In a departing interview with the Jewish Telegraphic Agency in October 2012, Hannah Rosenthal—on her final day as the U.S. State Department’s Special Envoy for Monitoring and Combating anti-Semitism—concluded by saying that “there will always be a need” for the post she held for three years.
And yet filling that post has not proven easy. After Rosenthal’s replacement, Ira Forman, left the post in January 2017, it took incumbent President Donald Trump’s administration until early 2019 before it announced the appointment of Elon Carr, a U.S. military veteran, to the role. Along the way, Trump’s first Secretary of State, Rex Tillerson, even mooted the prospect of abolishing the post before pushback from Jewish leaders and others changed his mind.
Meanwhile, since President Joe Biden came to office in January 2021, the post has remained unfilled. Although Biden nominated longtime Holocaust historian and Emory professor Deborah Lipstadt to the role last July, Republican objections to what they regard as Lipstadt’s overt political biases have prevented her from being confirmed.
I will return to the controversy over Lipstadt in due course, but first, it’s worth briefly reviewing why the special envoy’s post exists and how the various holders of the position have understood their brief.
When the George W. Bush administration created the post in 2006, global anti-Semitism was reaching new heights. Only a few months before the inaugural envoy, Gregg Rickman, was appointed, the anti-Semitic violence plaguing European Jewish communities had taken a chilling turn with the kidnapping, torture and murder of Ilan Halimi—a young French Jew taken hostage by a gang of Paris thugs who seized him out of the fallacious conviction that since all Jews are wealthy, Halimi’s family would be willing to pay a hefty ransom to secure his freedom. After enduring three weeks of being beaten and burned with cigarettes while chained to a radiator, Halimi was dumped by the gang at a roadside and left for dead. He died shortly after being discovered, his fate becoming a painful symbol of Europe’s new reality for Jews.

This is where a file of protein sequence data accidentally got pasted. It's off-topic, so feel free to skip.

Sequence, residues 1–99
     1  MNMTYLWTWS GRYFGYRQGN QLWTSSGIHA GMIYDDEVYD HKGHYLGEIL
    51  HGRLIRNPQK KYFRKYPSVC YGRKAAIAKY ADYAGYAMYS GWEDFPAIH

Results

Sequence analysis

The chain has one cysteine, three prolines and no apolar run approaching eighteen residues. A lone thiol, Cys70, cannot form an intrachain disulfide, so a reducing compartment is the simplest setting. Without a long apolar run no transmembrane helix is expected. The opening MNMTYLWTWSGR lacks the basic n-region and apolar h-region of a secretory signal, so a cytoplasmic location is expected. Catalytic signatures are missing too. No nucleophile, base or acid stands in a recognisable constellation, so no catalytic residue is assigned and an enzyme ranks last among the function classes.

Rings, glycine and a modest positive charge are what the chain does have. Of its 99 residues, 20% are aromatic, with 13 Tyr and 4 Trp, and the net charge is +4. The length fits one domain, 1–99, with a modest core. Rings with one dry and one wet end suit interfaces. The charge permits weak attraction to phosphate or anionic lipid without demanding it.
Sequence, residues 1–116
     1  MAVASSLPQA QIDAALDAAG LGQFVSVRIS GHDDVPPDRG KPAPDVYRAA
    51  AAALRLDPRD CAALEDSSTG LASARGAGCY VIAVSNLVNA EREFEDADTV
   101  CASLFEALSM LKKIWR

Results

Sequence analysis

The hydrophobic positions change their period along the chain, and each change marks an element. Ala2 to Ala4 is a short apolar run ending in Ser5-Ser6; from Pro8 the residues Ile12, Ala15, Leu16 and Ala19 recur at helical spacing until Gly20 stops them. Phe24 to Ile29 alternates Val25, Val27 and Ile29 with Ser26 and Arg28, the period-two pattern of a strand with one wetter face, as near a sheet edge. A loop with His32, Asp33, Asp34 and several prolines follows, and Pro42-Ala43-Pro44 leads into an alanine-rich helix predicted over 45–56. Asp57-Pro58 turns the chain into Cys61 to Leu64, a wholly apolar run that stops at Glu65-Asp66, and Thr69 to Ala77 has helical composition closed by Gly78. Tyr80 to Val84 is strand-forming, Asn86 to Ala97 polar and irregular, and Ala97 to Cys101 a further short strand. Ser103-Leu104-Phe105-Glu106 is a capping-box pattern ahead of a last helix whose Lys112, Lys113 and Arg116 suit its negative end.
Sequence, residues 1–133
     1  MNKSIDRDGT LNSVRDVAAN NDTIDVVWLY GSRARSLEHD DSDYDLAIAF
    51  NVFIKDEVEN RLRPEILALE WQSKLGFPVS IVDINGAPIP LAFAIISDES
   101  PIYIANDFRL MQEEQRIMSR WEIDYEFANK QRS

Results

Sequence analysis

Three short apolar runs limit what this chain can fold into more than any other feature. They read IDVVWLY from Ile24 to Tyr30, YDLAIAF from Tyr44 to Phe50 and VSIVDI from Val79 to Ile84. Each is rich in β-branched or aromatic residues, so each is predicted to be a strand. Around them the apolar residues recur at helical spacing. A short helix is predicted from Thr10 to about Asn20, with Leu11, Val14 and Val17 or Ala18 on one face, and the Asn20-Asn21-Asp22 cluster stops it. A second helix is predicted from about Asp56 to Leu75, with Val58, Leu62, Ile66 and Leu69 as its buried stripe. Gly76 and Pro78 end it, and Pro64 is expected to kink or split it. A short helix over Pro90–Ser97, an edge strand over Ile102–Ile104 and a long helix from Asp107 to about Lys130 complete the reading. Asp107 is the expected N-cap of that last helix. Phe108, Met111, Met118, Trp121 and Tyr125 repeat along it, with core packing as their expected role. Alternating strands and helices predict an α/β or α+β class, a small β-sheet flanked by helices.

“More than six decades after the Holocaust, anti-Semitism is not just a historical fact, however,” then-Secretary of State Condoleezza Rice stated at the May 2006 ceremony where Rickman was sworn in. “It is a current event.”
Sixteen years later, anti-Semitism remains both a current event and a global one, manifesting in a dizzying array of situations and crises, and emanating from both the right and the left.
Since anti-Semitism is a hydra-headed phenomenon, it’s not surprising that each special envoy has brought their particular concerns to the position while also reflecting the political priorities of the administration they serve. Rickman, appointed by Bush, was outspoken on Islamist and Iranian-regime anti-Semitism; Rosenthal and Forman (and interim envoy Michael Kozak), appointed by President Barack Obama, emphasized the fight against anti-Semitism as part of a broader tolerance agenda; while Carr, appointed by Trump, highlighted the threat posed by the BDS movement to subject the State of Israel to a comprehensive boycott. Their contributions to the envoy’s position are not reducible to these specific issues, of course, but the subtle changes of emphasis that have come with each envoy are should be noted.